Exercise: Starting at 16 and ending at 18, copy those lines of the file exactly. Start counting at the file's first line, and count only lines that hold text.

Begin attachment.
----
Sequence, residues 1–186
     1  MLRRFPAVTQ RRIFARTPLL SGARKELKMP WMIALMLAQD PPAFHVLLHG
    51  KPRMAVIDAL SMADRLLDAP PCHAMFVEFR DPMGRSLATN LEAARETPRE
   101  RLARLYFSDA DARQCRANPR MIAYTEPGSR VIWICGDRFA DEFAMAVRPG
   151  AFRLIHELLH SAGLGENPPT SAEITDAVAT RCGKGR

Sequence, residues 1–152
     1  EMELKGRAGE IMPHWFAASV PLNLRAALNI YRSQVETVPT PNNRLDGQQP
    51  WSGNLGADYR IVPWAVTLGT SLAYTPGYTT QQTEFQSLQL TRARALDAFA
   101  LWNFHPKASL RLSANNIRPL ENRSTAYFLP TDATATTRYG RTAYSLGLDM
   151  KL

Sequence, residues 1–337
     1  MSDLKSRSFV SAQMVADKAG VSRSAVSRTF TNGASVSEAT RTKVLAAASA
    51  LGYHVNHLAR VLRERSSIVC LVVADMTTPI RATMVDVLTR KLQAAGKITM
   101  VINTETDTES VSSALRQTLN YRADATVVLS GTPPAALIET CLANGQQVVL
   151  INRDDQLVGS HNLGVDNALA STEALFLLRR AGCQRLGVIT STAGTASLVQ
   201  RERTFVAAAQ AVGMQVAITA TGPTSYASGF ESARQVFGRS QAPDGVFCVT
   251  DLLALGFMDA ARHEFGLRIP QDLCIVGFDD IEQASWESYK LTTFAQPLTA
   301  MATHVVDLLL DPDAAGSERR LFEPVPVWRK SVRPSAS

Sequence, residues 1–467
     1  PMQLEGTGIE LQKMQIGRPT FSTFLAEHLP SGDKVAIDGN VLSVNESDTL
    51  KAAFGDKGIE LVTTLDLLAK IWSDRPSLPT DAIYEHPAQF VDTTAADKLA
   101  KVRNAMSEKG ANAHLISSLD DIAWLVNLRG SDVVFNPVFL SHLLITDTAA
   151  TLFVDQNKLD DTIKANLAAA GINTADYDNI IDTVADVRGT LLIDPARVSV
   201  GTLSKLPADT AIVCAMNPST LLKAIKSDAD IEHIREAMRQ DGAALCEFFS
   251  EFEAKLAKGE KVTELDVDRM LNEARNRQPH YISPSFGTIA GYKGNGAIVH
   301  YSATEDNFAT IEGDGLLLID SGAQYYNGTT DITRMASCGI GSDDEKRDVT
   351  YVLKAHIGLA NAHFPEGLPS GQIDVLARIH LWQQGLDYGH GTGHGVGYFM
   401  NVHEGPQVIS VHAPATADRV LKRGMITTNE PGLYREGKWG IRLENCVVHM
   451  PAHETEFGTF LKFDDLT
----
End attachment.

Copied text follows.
   201  RERTFVAAAQ AVGMQVAITA TGPTSYASGF ESARQVFGRS QAPDGVFCVT
   251  DLLALGFMDA ARHEFGLRIP QDLCIVGFDD IEQASWESYK LTTFAQPLTA
   301  MATHVVDLLL DPDAAGSERR LFEPVPVWRK SVRPSAS